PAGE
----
Even so, last year 60 companies in Dubai were found to be in breach of the ban. Fines for violating the rules range from $2,000 to $8,000 depending on how many infringements occur, so there exists a high compliance rate, but critics argue that the municipality lacks the manpower to properly enforce these regulations. As a result, many workers are still forced to work at enormous peril to their health and safety.

dubai, construction, summer, workers

True grit:

Emiratis comprise less than 20% of the UAE’s overall population, few of whom become involved with building projects. The bulk of construction work is completed instead by South Asian expatriates who according to the CIA World Factbook make up 50% of the overall population. In the last few years, more attention has been paid to their welfare.

Gulf news reported earlier this month that workers rights received top billing when Shaikh Hamdan Bin Mohammad Bin Rashid Al Maktoum, Dubai Crown Prince and Chairman of Dubai Executive Council, urged the newly restructured Permanent Committee for Labor Affairs¬†to ensure the highest protection of workers’ rights in Dubai.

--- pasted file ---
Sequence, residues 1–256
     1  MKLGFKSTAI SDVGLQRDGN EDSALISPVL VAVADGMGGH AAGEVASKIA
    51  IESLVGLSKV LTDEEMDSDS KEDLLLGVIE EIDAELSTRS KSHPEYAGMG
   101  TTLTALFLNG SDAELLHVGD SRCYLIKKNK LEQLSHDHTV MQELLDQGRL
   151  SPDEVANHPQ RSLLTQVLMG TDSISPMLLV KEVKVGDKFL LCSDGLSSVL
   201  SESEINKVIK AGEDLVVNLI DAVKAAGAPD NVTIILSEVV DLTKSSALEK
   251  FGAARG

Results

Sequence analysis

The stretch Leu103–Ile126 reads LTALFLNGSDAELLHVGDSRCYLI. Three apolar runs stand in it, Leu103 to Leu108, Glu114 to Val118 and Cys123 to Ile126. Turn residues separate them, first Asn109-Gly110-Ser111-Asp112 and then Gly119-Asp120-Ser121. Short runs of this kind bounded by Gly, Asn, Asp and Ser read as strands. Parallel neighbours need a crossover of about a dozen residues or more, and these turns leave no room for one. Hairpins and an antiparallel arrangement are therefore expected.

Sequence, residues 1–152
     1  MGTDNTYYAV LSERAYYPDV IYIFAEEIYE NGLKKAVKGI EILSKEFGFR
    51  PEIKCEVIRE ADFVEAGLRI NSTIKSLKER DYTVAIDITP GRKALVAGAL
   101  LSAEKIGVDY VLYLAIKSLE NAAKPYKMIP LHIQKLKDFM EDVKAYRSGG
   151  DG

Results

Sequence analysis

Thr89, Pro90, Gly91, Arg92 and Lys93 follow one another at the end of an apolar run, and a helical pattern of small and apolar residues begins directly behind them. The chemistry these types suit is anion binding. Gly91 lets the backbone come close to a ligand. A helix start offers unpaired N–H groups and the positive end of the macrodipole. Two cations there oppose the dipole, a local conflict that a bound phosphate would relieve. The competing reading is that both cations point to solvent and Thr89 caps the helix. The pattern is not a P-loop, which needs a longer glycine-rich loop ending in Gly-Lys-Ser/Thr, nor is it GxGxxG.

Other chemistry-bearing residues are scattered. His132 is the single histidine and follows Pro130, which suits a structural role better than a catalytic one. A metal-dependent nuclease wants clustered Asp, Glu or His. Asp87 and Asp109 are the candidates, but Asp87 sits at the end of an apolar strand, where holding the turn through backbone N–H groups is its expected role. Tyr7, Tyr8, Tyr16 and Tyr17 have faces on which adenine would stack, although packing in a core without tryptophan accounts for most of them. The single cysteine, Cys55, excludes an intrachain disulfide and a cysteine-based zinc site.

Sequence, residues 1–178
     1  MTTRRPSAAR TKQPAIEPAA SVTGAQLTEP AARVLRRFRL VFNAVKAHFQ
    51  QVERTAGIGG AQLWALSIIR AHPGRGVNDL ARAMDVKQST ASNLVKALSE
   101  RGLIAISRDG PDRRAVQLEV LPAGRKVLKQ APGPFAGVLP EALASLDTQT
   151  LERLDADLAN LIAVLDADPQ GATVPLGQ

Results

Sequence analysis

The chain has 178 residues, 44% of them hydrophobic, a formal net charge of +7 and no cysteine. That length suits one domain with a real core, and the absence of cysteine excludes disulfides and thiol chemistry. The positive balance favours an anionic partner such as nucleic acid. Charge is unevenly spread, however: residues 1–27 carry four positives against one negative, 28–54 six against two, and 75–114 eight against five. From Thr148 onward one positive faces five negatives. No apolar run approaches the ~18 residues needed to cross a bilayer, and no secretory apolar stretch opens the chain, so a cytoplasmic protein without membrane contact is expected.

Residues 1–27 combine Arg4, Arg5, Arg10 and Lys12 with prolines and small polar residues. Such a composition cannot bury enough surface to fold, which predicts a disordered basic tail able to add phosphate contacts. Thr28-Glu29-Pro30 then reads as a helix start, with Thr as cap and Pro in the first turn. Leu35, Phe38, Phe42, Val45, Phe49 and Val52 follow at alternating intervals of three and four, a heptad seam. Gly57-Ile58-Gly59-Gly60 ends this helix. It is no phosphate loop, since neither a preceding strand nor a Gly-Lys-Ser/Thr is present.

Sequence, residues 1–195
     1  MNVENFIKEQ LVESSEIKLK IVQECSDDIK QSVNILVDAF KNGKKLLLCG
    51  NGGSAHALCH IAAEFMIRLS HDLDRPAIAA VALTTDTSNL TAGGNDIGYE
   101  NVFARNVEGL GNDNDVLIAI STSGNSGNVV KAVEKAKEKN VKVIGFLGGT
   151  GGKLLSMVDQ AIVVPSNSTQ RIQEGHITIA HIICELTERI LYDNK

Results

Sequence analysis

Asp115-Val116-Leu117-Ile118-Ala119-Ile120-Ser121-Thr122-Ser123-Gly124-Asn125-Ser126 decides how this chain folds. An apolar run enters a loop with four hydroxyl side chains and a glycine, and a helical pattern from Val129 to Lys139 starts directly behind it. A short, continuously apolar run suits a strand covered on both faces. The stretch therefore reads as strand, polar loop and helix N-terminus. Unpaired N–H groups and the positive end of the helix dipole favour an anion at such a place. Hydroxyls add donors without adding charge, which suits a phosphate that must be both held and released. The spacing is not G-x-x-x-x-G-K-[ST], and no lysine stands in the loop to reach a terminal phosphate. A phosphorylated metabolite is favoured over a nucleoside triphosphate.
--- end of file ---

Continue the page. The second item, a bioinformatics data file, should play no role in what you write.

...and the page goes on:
dubai, summer, worker,

A/C is better than heat-stroke:

I don’t love air-conditioning. I don’t love its energy consumption and I don’t love the quality of what I’m breathing. But I am already addicted to it here.

At only 38 degrees, the daytime hours of stultifying heat are already miserable without any kind of cooling.

Although buildings could be warmer than 21 degrees, which would decrease energy consumption by leaps and bounds, it is not possible to live here without some serious A/C help.

In Alaska, fishermen only work so many months out of the year because of environmental and fish catch constraints. Granted, those months are hard and long and tiring, and families have to conserve their earnings for the rest of the year, but this is a pragmatic response to a problem that is beyond human control. Could a similar, but reverse solution work here? Can we envision a total summer ban?